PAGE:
Wadi Hanifah: an urban oasis reborn

Wadi Hanifah: an urban oasis reborn
By Euronews
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A life-giving valley for the people of Riyadh, that is the Wadi Hanifah with a river which has come back from the dead flowing through the heart of a desert nation.

The Wadi, which stretches from north to south through the capital, has been rejuvenated thanks to a decade-long project led by the Arriyadh Development Authority.

The now pristine and eye-catching banks of the 120 kilometre long valley are in stark contrast to what it used to be like. The Wadi Hanifah had become a dumping ground, and a serious health hazard. The people of Riyadh had turned their backs on one of their greatest natural resources.

“Historically Wadi Hanifah was an environmental resource for ancient peoples. But the development of the city led to the deterioration of the Wadi leaving rubble, holes all over, as well as the impact of factories, industrial activities and pollution by farmers,” explained Saud AlAjmi, Project Manager, High Commission for the Development for Arriyadh.

The rehabilitation project introduced a range of measures to undo the damage and turn the Wadi back into an asset for the city.

Dams were built to regulate the flow of water. The transport system was redesigned with over 40 kilometres of new roads. Detailed sign posts now point the way along the valley for visitors. And tens of thousands of native trees and shrubs were planted.

The Wadi’s rebirth has had huge benefits for the people of Riyadh, including those who make their living cultivating dates along its banks.

“I am a regular client here. I buy dates at this farm. The valley was neglected before, but after the improvements the farms have become more visible and accessible. It improved the valley and turned it into a beautiful development project. You come here and you feel the entire place is a resort,” explained Bandar Al Jomah.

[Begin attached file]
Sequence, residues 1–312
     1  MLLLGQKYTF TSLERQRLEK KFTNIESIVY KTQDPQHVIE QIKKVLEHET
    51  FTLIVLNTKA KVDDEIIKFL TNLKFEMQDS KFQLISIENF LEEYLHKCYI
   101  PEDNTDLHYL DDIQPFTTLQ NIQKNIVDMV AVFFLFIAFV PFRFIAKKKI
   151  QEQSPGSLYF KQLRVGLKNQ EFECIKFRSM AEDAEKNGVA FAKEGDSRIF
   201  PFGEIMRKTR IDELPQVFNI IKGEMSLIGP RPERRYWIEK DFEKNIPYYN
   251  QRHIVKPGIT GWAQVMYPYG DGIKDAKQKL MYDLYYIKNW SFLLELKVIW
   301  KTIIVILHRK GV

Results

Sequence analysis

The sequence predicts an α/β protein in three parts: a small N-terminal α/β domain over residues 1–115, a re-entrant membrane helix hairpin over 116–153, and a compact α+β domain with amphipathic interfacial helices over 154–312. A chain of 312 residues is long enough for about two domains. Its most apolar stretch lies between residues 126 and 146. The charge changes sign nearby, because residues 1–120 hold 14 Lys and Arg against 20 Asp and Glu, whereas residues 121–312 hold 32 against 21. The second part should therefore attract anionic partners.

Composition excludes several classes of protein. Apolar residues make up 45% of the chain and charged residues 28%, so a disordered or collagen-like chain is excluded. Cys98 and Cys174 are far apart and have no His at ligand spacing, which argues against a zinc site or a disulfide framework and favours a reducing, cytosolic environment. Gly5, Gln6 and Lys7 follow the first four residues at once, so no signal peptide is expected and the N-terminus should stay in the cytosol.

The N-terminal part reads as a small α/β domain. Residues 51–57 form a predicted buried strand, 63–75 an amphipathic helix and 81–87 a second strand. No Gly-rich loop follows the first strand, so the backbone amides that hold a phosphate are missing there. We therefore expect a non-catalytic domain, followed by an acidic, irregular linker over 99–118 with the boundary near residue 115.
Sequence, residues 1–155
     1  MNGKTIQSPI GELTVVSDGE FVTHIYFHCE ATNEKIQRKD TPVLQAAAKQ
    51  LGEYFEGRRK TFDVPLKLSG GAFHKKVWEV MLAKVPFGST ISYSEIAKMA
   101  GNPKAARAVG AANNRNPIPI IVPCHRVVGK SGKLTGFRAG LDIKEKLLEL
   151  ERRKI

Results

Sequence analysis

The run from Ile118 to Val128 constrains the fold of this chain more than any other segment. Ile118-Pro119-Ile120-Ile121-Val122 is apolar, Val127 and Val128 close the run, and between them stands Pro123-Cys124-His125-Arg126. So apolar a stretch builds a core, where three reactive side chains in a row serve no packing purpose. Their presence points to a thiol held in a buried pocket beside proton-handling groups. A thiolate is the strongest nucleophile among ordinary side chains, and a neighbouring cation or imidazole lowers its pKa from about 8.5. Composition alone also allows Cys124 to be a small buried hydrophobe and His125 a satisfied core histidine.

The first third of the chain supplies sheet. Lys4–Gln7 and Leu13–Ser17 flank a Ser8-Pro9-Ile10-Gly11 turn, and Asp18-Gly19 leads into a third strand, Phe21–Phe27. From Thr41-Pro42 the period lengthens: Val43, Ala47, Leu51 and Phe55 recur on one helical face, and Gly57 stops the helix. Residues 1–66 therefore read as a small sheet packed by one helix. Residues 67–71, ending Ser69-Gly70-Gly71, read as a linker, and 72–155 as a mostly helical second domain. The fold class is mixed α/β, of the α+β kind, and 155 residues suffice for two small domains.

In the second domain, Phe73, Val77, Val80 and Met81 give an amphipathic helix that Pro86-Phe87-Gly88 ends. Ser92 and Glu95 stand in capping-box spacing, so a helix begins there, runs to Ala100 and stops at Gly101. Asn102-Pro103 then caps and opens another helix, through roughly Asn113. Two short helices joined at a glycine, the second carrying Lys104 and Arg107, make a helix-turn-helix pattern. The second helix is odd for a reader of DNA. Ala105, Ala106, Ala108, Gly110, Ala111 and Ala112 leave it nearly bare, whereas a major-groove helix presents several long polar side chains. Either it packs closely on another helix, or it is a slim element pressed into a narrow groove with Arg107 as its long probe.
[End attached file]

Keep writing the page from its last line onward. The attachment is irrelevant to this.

Integral to the Wadi project is this award winning bioremediation plant. This is nature’s way of cleaning toxic water using plants and animals to break down the nasty nutrients.

“There are primary producers like algae and higher plants as well as consumer organisms like birds, like fishes, so it is a complete food network. It is like when you organise your home, everybody has his role in the family, everybody is feeding everybody else, to have a happy family,” says bioremediation engineer Badr Al-Tamimi.

The techniques used for the project are not new, but never before have they been brought together on such a large scale. It takes just six hours for the water to pass through this plant, it enters full of sewage and leaves crystal clear.

Family picnics are a popular pastime in Riyadh and the Wadi has become a favourite meeting spot for them. Seven major parks have been created and another two are under construction.

“I have been living in Riyadh for ever and these things didn’t used to exist. I have come out of the city now and I was surprised to see the tidiness, the way everything looks organised, the privacy, the trees, the pavements, everything about it,” said local visitor Abdul Asaiad.

The Wadi Hanifah has been brought back to life and is once again at the centre of the community.

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